Home Language Assessments

All teachers/practitioners should use  the EAL assessment. to track progress and set language learning targets 

Some children go through a silent period and every child needs time to acquire their additional language However If a pupil is showing challenging or concerning behaviour/an inability to express themselves/not making friends/ making no progress in EAL  you should consider using the home language assessment to unpack any possible underlying issues

The assessment can provide teachers with a fuller picture of bilingual learners' language skills both in their first language and in English.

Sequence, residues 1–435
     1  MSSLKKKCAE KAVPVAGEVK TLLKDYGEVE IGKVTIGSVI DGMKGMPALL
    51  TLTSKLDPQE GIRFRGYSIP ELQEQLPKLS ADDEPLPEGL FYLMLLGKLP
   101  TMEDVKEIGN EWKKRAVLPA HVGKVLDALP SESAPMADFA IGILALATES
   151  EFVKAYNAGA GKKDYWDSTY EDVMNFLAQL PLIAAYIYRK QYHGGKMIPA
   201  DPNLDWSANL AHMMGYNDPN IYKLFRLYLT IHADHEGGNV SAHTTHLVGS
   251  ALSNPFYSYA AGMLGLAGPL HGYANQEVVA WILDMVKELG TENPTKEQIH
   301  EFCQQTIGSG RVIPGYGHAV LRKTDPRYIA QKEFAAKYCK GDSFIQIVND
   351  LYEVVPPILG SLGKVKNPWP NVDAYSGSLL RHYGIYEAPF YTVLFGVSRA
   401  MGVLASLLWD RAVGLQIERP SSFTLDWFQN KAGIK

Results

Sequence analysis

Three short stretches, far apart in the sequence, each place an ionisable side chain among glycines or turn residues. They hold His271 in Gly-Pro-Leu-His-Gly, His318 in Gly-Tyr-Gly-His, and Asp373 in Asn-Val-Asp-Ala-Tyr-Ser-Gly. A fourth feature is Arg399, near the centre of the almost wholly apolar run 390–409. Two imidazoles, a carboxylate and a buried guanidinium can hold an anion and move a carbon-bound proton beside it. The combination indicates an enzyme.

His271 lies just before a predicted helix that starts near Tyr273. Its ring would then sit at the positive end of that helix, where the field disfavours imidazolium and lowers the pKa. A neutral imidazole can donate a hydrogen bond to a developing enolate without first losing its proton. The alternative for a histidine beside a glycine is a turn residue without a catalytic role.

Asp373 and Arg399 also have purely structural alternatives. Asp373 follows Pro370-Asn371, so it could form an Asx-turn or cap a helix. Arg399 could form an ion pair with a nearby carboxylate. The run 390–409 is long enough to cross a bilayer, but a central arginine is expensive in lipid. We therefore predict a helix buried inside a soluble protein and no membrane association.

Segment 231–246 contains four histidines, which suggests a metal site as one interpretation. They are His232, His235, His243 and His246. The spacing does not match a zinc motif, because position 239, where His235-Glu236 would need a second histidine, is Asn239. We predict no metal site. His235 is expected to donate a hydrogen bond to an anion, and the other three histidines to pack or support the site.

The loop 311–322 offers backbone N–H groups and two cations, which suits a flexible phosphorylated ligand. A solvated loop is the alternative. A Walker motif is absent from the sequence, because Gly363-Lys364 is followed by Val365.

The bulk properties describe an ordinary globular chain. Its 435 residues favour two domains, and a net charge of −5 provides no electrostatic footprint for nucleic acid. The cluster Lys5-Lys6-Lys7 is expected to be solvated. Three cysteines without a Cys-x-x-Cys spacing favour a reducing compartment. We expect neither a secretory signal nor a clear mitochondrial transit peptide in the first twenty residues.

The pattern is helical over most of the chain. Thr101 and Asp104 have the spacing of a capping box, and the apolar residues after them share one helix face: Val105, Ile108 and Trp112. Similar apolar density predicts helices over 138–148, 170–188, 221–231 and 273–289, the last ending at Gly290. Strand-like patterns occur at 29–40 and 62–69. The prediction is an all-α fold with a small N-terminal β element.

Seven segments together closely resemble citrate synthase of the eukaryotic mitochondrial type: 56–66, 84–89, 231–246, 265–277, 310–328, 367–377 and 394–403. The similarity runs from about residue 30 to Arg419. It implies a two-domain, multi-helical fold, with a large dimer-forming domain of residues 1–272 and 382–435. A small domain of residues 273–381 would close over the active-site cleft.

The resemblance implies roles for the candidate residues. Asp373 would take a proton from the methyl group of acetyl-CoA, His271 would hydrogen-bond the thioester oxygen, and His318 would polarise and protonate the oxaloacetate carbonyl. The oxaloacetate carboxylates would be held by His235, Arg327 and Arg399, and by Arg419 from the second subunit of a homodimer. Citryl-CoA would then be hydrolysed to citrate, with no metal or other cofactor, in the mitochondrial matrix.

In order to ensure home language assessment provides accurate information, teachers should:

  • Complete the first page of the assessment
  • Be aware that the EAL learner may know some things in one language, but not in the other. (there may be aspects of the curriculum that they have not experienced before)
  • Be aware that many EAL families may limit using their home language when they arrive in the UK. Some EAL families may find it hard to maintain their first language.
  • Be aware of young children’s expectations in speaking and listening exchanges. This varies from culture to culture.

Get in contact with the EMTAS team to carry out a HLA. It is essential that this is done alongside a professional interpreter or bilingual teacher.

 

EAL & SEN (Cline & Shamsi, 2000)

Assessing Leaning Needs
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